So how best to adapt your IP strategies to deal with the MiC 2025 and BRI challenges?

1. Adopt a longer time-line for your business strategy, and thus also for your IP strategies in China. The MiC 2025 Initiative is actually somewhat of a misnomer as the Initiative extends all the way to 2049. While it is impracticable for companies (unlike governments) to have quite such a long-term view, foreign companies have to extend their IP strategy beyond their typical 3-5 years horizon. In relation to brands, they have to consider how the Chinese market will adapt new products and the potential for brand-extensions into adjacent and complimentary products and trademark classes. For example, In 2000, relatively few Chinese enjoyed drinking coffee. In 2018, in first-tier cities, coffee has supplanted tea as the hot beverage of choice for many millennials; likewise a number of brands that were known for a single product group (for example writing instruments), have since grown into various other product and life-style categories. In relation to patents, while a number of technologies may become obsolete, others will prove more enduring, and given that patents have a potential term of 20 years in China, and that the Chinese government has given domestic companies a clear technology 'roadmap' to 2049 (at least in the industrial and manufacturing sector), it makes sense for foreign companies to adapt their strategies accordingly.

2. Reviewing filing strategies with a view of protecting "what I cannot afford for another to take", rather than "filing what I need". Companies should start with a China-oriented filing strategy, rather than "we file in China everything we file in, for example, Germany". On the trademark side, this means making defensive filing core to strategy – for example, if your main business is supplying products, consider also protecting your applicable trademarks for related services. On the patent side, companies should consider making China a 'default' filing jurisdiction, and where their technology provides scope for it, should file utility models as well as patents (especially given China recognises a reduced inventiveness threshold for utility models). Finally, companies should look carefully at how their business may fall within the 10 strategic 'priority sectors' in the MiC 2025 Initiative, and the countries China contemplated in the BRI, and consider bolstering filing in those sectors and countries, respectively.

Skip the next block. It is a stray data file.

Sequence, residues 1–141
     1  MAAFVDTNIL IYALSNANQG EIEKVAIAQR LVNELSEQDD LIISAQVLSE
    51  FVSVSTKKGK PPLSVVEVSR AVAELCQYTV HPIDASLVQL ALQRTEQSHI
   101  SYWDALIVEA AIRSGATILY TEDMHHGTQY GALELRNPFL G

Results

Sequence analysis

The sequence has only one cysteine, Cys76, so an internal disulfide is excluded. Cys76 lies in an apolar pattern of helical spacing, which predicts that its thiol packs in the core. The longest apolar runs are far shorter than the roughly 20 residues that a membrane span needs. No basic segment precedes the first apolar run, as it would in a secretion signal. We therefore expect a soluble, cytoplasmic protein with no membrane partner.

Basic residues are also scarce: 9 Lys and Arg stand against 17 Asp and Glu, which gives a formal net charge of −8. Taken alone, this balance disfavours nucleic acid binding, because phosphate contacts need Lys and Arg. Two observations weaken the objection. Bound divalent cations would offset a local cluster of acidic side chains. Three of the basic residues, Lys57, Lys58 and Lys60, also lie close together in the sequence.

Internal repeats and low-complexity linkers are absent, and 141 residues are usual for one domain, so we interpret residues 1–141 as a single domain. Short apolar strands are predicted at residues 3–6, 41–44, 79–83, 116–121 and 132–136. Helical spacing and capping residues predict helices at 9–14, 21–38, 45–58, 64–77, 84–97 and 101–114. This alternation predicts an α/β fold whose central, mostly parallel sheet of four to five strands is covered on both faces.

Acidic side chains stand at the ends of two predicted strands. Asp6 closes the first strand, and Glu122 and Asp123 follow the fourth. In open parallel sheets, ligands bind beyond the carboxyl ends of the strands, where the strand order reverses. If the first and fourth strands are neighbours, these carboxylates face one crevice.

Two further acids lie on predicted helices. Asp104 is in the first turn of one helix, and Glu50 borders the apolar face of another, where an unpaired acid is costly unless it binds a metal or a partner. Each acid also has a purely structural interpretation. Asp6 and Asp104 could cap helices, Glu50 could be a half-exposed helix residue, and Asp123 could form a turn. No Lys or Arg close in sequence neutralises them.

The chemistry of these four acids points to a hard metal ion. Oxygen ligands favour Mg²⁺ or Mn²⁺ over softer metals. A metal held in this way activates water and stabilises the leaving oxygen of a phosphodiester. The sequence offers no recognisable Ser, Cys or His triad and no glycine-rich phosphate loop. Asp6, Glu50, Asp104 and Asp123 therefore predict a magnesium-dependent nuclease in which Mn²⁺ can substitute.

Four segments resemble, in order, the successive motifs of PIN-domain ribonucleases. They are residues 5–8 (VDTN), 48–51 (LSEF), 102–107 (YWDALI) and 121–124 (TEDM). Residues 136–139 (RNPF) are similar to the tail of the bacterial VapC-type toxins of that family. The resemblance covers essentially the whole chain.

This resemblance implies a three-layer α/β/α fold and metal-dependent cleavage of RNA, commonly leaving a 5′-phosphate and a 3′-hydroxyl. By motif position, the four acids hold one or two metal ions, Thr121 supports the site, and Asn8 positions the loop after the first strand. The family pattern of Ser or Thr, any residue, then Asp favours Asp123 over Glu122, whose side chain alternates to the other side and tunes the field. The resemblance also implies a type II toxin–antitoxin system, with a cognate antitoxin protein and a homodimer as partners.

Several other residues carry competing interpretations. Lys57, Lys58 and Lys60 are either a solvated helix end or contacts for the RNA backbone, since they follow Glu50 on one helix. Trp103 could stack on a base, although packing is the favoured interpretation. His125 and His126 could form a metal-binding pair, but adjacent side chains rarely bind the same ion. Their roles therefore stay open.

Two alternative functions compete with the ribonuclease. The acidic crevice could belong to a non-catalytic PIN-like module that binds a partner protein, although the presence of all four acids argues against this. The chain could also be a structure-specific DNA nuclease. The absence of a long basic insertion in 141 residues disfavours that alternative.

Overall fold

3. China Enforcement strategies should be focused on and adapted to changing environment. If one looks at the other 65 countries falling within the BRI, it becomes clear that China is one of the better IP enforcement jurisdictions. This means that companies should set themselves up for more and more effective IP enforcement and litigation in China. On the administrative enforcement side, companies should focus on their Customs and border enforcement measures, both in China and where the BRI routes abut Europe. However, whichever enforcement option and jurisdiction is selected, companies must invest sufficient time and effort into securing / formalising evidence, pre-litigation preparation, selection of venue, etc. as Chinese court-resources are becoming increasingly stretched.

4. Invest in preparation and advocacy. With greater IP assertiveness in China, foreign companies will increasingly find resistance to IP protection and enforcement efforts. For foreign companies to level the playing field in jurisdictions where Chinese competitors may have a 'home town advantage', they have to actively engage in advocacy for their company, their brands and their cause. Whether this takes the form of working with (i) NGOs like the British Chamber of Commerce in China, AmCham, or the European Chamber of Commerce in China, or Quality Brands Protection Committee (QBPC), (ii) with national governments (the United Kingdom, France, Germany and the United States are just a few countries that have dedicated IP-attachés in Beijing), or even (iii) the European Union Delegation, it is key to marshal support well before it becomes needed.

The way ahead

Whether or not the global economy is heading for a trade war, matters only marginally given China's 'long game' espoused in the China's MiC 2025 and Belt Road Initiatives'. China has no choice but to continue to look and project outward, along the Belt and Road, and to foreign markets beyond. Likewise, has China little choice but to move up the manufacturing value-chain: given the explosion in labour-costs in China, the only way that China can remain competitive is by increasing value-added production and to achieve that, China must invest in innovation and intellectual property. In order for foreign companies to not just survive but to thrive in this environment, they in turn must continue to invest in their China IP, take a long-term view of the Chinese market, and, if nor already doing so, start respecting Chinese companies as global competitors - not to be underestimated.